Monday, September 17, 2018

Anne Perry, DARK TIDE RISING (William Monk #24), Deep, Dark, and Satisfying

There are two components that make many a crime novel memorable over the long haul: the twists of the plot, and the way the crime's investigator stands up as a person—his or her courage, integrity, sense of humor, intelligence, and most of all, capacity to care.

That last aspect may seem a bit out of place at first. But it's what makes Louise Penny's Armand Gamache seem "known" to his legions of fans; it's what carries Carol O'Connell's prickly and dangerous Kathy Mallory into the hearts of her colleagues and readers; it's the part of Michael Connelly's Harry Bosch, and even Lee Child's feckless Jack Reacher, that pulls us to the next title, and the next.

And it's what makes Anne Perry's police Commander William Monk someone you might want for a neighbor, or on your local police force, in spite of his location in 1881 England.

In DARK TIDE RISING, Monk accepts a mission to protect the life of a wealthy real estate developer racing to ransom his kidnapped younger wife. Harry Exeter has a marriage Monk can connect with, because it's so much like his own: an unexpected and intensely valued relationship discovered against the odds, with a woman whose life is clearly worth sacrificing a fortune to save.

The protection effort and would-be rescue is going to have to take place at Jacob's Island, though. It's a location Monk knows far too well: a desperate slum of 1800s London, permeated by deadly tidal surges and even quicksand. He's witnessed death there: "He could still see the fat man sinking slowly into the tidal ooze, his mouth open, screaming, until the mud cut him off, and inch by inch he disappeared from sight." How can Monk organize his team to prevent such a disaster, while also bringing back the kidnap victim, Kate Exeter? Immaculate organization and planning must take place.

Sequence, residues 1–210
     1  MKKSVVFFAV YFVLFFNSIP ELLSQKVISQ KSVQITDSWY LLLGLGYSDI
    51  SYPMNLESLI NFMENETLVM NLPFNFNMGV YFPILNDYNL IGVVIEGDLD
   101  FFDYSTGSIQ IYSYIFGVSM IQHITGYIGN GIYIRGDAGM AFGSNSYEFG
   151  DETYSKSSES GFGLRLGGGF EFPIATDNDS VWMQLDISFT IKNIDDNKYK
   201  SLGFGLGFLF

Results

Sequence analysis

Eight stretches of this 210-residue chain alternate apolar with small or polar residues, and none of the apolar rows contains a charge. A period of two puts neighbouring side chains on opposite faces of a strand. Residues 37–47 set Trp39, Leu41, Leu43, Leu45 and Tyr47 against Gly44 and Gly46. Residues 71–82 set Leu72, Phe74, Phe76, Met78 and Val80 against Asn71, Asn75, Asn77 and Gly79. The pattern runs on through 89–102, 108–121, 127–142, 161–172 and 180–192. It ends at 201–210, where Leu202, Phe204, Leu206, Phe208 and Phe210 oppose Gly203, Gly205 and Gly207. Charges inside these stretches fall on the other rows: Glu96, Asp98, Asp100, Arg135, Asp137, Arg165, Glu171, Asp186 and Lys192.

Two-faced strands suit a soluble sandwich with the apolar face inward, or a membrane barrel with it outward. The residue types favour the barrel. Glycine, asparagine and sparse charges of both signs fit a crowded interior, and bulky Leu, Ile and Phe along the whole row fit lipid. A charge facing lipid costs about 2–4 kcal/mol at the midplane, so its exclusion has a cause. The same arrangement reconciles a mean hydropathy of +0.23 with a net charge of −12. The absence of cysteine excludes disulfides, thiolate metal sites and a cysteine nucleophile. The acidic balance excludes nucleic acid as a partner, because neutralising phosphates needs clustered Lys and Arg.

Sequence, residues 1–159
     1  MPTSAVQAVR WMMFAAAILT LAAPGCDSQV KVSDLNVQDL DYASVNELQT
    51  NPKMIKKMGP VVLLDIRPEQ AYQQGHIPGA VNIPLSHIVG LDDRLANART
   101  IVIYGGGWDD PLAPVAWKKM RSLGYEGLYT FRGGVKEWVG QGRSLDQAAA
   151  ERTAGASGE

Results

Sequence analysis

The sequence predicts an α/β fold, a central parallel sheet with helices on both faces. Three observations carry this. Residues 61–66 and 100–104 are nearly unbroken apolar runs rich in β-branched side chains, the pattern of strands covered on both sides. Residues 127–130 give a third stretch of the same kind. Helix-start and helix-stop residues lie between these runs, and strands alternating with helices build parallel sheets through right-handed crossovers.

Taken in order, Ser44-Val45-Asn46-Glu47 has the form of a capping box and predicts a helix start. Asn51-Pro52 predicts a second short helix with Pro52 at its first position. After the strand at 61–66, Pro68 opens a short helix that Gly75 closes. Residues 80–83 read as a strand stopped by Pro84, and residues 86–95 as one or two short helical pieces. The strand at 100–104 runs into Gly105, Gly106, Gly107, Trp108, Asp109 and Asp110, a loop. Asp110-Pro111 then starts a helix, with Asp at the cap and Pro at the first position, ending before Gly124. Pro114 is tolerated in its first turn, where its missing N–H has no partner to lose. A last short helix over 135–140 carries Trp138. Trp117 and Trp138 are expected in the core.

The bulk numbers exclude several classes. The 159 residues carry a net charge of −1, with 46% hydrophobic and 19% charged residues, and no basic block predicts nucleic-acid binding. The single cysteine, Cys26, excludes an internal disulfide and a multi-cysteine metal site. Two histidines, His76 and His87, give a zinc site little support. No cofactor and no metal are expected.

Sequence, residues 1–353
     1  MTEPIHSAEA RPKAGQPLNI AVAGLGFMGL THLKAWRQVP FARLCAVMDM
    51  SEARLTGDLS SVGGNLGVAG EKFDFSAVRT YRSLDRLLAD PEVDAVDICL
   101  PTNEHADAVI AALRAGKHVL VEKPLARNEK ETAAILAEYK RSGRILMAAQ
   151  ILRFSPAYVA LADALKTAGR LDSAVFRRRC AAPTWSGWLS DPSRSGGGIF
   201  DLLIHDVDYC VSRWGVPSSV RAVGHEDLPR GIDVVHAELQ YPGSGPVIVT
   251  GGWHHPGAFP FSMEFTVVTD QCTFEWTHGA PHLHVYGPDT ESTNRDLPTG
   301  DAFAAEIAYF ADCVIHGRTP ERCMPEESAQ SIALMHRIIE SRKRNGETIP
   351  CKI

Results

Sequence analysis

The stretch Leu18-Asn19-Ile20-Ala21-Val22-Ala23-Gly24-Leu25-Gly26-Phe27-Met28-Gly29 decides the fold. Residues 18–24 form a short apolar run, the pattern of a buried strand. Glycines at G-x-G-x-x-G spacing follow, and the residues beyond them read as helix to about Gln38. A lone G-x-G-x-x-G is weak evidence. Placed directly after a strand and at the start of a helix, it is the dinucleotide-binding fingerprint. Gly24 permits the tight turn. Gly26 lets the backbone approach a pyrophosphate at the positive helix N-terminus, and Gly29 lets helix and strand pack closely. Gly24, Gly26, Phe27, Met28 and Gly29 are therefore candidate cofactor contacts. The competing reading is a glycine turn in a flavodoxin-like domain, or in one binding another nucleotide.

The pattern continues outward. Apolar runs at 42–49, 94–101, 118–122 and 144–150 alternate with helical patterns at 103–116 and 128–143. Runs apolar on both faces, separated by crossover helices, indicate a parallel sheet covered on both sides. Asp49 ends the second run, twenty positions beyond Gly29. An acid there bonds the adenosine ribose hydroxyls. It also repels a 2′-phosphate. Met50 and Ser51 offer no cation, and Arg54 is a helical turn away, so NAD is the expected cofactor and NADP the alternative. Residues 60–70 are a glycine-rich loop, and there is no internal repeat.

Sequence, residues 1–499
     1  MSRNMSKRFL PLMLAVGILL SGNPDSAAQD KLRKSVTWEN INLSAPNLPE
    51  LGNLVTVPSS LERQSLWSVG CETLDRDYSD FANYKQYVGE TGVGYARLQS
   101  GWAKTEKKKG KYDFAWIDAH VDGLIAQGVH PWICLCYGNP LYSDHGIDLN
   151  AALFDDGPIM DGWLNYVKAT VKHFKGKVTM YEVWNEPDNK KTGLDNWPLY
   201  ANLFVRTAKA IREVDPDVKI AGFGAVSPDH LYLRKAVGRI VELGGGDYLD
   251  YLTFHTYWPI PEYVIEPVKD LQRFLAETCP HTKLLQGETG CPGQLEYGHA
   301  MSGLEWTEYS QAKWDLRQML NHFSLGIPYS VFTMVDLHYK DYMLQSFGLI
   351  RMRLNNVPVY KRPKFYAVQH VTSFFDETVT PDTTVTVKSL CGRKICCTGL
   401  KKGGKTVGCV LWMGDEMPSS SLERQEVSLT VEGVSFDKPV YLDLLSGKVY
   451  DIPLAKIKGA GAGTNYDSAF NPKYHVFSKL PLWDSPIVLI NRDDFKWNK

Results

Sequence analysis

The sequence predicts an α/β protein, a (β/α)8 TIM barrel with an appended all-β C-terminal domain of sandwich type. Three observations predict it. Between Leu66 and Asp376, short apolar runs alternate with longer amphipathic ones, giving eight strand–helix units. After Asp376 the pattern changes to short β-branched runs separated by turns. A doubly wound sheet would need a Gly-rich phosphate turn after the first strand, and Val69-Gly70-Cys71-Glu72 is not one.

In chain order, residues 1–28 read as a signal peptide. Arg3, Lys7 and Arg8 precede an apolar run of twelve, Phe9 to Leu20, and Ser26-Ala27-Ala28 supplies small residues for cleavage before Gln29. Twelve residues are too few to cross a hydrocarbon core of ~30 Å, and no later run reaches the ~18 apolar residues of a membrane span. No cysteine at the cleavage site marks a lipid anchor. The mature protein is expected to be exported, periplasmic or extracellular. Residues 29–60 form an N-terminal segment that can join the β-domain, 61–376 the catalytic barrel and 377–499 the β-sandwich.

But Monk's efforts, with his men, the River Police, go quickly awry, and he's plunged into a very different and equally disastrous situation:
What he had not said, and what weighed on Monk's mind with further pain, was the thought that the kidnappers had known so much about their plans. There were five or six different ways the River Police could have got in, but the kidnappers had known precisely which ones they were going to use, how many man, and where they were along those tunnels and passages. What he forced himself to wonder was, who had told them?

It hurt even to think the words and yet they were there, whether he said them or not.
Perry's drama takes place in a setting where the gap between wealth and poverty set up extremes that were, in themselves, life-threatening, and the amount of effort for policing as she portrays it is accentuated by the absence of modern crime-solving tools and techniques. What Monk and his friends, including his insightful wife, must depend on is their sense of geography, their probing of human nature, and, in this rapidly developing and often twisting case, the classic threesome of crime: means, motive, opportunity. Here, the motive must somehow involve finances, as more threats and a whistle-blower's death are added to the events. But why?

Watching Monk sort out the motives of both the criminals and his own team members is fascinating, and emotionally compelling. Leadership, the power of friendship among men, struggles for the sake of each other ... these, as much as the sucking force of London's tides, deepen DARK TIDE RISING and make it one of Perry's best books.

No need to read the preceding Monk titles before plunging into this one, although of course they'll enrich the perspective on the characters. But Perry's a pro, laying out her characters and their past anguish with spare, quick details, making this a wicked good read. The publication date is September 18, from Random House. Pick up the hardcover first edition as a treat to yourself, an anchor of hope in humanity in this politically fraught season.

PS:  Looking for more mystery reviews, from cozy to very dark? Browse the Kingdom Books mysteries review blog here.

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